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Journal news and reviews: January 2010

19 January 2010

FEATURED COMMENTARY:

Genetic selection for deafness: the views of hearing children of deaf adults

Authors: Mand, C; Duncan, RE; Gillam, L; Collins, V; Delatycki, MB

JOURNAL OF MEDICAL ETHICS 35 (12): 722-728 DEC 2009

This paper draws on the well known story of deaf couple Sharon Duchesneau and Candice McCullough who purposefully sought to maximise their chances of giving birth to a deaf child by seeking a sperm donor likely to produce a deaf child (here there was a 50 per cent chance that their child would be deaf). However, rather than another opinion piece this paper draws on empirical data gathered from interviews with hearing children of deaf adults (CODAs).

Before entering into the details of the current study the paper rehearses many of the discussions around and comparisons between the medical and social models of deafness, together with a brief outline of the two main selection methods; prenatal diagnosis (PND) followed by selective termination (here if the mutation for deafness is not found) or preimplantation genetic diagnosis (PGD). Consequently I will not review these arguments here.

The paper then turns to its main thrust; the views of CODAs regarding the use of PGD to make selective reproductive choices regarding deafness. Using exploratory interviews with 4 CODAs the researchers then developed a survey. Participants were users of the CODA International listserves. The remainder of the paper focuses on the responses to the questionnaire.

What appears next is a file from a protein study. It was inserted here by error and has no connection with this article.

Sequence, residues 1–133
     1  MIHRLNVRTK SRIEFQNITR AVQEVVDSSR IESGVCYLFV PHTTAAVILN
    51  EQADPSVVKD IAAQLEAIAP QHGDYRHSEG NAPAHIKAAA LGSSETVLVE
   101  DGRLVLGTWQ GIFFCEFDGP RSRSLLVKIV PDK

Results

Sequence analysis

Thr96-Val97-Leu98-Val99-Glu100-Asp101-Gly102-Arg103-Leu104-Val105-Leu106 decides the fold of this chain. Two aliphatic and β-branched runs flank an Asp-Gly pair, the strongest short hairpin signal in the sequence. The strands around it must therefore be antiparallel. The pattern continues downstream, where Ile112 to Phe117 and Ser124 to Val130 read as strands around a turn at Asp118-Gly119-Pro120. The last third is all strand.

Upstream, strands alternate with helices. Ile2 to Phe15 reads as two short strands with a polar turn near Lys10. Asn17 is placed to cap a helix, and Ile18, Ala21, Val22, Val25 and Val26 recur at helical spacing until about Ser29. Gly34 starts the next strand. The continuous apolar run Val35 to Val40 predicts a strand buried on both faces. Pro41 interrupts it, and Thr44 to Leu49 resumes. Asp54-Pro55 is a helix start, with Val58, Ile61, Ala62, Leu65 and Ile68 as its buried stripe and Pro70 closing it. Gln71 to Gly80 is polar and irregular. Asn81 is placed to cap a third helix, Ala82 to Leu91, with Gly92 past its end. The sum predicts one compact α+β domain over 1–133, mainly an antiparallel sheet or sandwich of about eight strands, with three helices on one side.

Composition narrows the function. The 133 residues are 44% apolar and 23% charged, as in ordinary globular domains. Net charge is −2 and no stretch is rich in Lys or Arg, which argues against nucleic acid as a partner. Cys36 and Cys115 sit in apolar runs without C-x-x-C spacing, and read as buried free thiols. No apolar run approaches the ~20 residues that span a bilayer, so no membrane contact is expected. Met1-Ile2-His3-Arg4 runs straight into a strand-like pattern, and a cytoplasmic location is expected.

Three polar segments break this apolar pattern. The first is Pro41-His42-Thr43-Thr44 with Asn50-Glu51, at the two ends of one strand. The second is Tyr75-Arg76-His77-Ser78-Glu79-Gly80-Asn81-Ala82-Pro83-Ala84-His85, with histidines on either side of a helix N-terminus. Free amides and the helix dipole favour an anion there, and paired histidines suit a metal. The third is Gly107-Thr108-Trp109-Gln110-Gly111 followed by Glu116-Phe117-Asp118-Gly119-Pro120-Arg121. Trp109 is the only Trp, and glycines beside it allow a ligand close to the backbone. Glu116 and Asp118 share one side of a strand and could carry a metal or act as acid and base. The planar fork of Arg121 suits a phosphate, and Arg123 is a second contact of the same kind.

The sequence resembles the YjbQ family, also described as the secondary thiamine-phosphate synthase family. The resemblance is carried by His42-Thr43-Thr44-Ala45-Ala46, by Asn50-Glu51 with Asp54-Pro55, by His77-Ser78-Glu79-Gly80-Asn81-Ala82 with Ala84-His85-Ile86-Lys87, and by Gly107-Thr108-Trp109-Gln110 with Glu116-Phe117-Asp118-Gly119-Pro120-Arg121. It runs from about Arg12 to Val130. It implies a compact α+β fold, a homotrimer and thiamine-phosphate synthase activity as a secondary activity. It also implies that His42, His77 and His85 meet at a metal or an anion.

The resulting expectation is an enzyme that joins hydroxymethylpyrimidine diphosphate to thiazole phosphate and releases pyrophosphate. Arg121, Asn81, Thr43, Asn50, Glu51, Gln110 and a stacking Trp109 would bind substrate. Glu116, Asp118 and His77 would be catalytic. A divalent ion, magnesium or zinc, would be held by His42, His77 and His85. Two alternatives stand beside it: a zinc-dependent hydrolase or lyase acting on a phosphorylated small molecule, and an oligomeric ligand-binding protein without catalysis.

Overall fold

At this point one has to query the use of semi structured interviews and the role they played. Little is mentioned about the content of these, or the way in which they informed the questionnaire. Indeed the use of open questions within the survey itself suggests that the authors are unclear as to their goals: to generate quantitative data on trends or pervasiveness of attitudes, or to develop a qualitative analysis of the issues that CODAs raise when talking about PGD. The use of open questions, without the ability to probe responses appears to serve neither purpose well. Furthermore, the sample population of a specific organization limits the generalisability of the results for, as the authors themselves state, “It is likely that those who access these listserves identify, at least to some extent, with the deaf community.” (p723). Other methodological features are problematic. There is no accurate response rate as the invite email was sent to”Approximately 300” individuals, although there is no suggestion of how close to this figure the actual number was. In addition, with a response rate of 22% and some potentially skewed demographics one would expect a comparison with the population from which the sample was drawn in order to establish an idea of it’s representativeness. Yet none is forthcoming. This could be particularly pertinent given that none of the respondents had a preference for deaf children.